Cardiovascular Autonomic Neuropathy Raises Fall Risk in Parkinson Disease

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Orthostatic hypotension had a 10-fold higher probability of falls.
Orthostatic hypotension had a 10-fold higher probability of falls.

Cardiovascular autonomic neuropathy increases the risk for falling by 15-fold for people with Parkinson disease, according to a prospective study published in the Journal of Neurology.1

Researchers assessed 50 people with Parkinson disease using clinical and autonomic evaluations at baseline, 6 months, and 12 months. Clinical evaluations consisted of tests monitoring dysfunctional motor severity, postural stability, mobility, gait, freezing episodes, and cognition. Autonomic evaluations consisted of heart rate variability and blood pressure during breathing exercises and blood pressure challenges. Records of falls, dopaminergic medication, dyskinesia severity, and disrupted sleep were also assessed.

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Of the 50 participants, 68% were men, mean age was 65.06 years old, and the average disease duration was 8.23 years. At baseline, 19 participants had cardiovascular autonomic neuropathy, 17 participants had orthostatic hypotension, and 18 participants had a fall in the previous 6 months.

During the 12-month follow-up, 28 participants reported falling at least once. After adjusting for covariates, the odds ratio (OR) for falling and having cardiovascular autonomic neuropathy was 15.194 (95% CI, 2.288-34.205; P =.011), and falling and having orthostatic hypotension was 10.702 (95% CI, 1.455-29.270; P =.02). These data were confirmed after excluding those participants who had a history of falls at baseline.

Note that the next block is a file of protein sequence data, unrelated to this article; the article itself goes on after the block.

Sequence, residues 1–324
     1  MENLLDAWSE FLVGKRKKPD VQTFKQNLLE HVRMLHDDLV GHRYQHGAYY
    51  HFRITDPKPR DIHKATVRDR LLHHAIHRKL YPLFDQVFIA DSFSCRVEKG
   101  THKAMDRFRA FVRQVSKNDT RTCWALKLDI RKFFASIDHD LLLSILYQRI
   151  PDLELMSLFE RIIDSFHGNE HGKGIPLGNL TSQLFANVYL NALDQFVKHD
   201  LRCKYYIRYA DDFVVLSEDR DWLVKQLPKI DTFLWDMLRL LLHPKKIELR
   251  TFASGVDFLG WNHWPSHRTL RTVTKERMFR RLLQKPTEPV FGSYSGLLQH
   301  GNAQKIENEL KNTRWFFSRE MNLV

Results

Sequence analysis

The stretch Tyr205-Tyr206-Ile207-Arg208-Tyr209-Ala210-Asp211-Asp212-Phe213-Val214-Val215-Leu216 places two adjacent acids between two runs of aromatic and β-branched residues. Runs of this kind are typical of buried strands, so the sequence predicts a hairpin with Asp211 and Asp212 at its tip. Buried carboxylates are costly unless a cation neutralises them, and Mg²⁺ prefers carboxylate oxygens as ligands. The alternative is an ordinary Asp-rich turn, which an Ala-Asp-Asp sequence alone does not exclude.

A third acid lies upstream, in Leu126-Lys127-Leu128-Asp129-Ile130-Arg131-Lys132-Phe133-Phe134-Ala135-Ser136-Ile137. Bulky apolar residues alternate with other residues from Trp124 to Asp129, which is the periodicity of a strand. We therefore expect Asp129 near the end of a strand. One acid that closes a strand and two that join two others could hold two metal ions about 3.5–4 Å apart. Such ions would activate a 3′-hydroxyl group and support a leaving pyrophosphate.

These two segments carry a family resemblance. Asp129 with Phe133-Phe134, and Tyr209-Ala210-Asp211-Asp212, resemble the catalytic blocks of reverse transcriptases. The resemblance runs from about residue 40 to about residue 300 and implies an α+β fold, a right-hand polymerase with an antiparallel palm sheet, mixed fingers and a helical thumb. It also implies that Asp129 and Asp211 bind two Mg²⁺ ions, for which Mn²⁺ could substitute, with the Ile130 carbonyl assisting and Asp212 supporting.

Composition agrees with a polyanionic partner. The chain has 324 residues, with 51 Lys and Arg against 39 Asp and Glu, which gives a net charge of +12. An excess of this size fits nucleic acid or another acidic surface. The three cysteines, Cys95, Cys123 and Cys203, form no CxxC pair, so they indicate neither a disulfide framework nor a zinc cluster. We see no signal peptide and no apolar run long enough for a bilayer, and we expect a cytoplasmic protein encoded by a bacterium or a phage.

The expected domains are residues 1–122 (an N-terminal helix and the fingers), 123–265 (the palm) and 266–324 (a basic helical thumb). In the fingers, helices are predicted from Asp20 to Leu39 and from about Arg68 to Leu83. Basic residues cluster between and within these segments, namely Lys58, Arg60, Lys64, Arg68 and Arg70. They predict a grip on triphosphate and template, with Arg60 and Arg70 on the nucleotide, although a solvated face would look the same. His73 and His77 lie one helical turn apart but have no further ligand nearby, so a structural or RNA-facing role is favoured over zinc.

Researchers also found an association between falls and a history of falls (OR 15.549; 95% CI, 2.058–36.571; P =.017), postural instability (OR 14.021; 95% CI, 1.521–35.526; =.017), REM sleep behavioral disorder (OR 5.470; 95% CI, 1.133–26.410; P =.034), and freezing of gait (OR 1.450; 95% CI, 1.050–2.151; P =.044). Again, these data were confirmed after excluding those participants who had a history of falls at baseline.

Results showed that a positive history of falls is an independent predictor of future falls. Moreover, researchers noted that this study is the first one to provide “evidence that [REM sleep behavioral disorder] is an independent predictor of falls” highlighting “the intimate connection between sleep dysfunction, dysautonomia, and postural instability” observed in a previous paper.2

Future research needs to increase sample size to increase statistical power, assess the causes of the falls, utilize polysomnographic confirmation for REM sleep behavioral disorder, and evaluate whether early treatments could reduce falls in people with cardiovascular autonomic neuropathy.

The researchers concluded that cardiovascular autonomic neuropathy is independently associated in an increased risk for falls in people with Parkinson disease and “deserves clinical attention and appropriate therapeutic management.”

Disclosures: Multiple authors declare affiliations with the pharmaceutical industry. Please refer to reference for a complete list of authors' disclosures.

References

  1. Romagnolo A, Zibetti M, Merola A, et al. Cardiovascular autonomic neuropathy and falls in Parkinson disease: a prospective cohort study [published online October 31, 2018]. J Neurol. doi: 10.1007/s00415-018-9104-4
  2. Romenets SRGagnon JFLatreille V, et al. Rapid eye movement sleep behavior disorder and subtypes of Parkinson's disease. Mov Disord. 2012;27(8):996-1003. doi: 10.1002/mds.25086. 
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